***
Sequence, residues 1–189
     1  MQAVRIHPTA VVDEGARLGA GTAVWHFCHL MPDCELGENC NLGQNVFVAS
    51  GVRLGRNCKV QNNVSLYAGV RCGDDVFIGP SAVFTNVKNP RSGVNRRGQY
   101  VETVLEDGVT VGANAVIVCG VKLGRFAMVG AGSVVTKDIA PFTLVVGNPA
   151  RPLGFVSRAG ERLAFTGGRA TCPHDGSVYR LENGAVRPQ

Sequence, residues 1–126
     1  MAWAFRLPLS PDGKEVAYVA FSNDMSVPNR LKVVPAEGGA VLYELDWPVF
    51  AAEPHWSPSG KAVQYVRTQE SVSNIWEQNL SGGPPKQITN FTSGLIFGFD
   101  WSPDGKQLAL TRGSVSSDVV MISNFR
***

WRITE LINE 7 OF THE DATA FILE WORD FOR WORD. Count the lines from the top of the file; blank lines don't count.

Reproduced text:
     1  MAWAFRLPLS PDGKEVAYVA FSNDMSVPNR LKVVPAEGGA VLYELDWPVF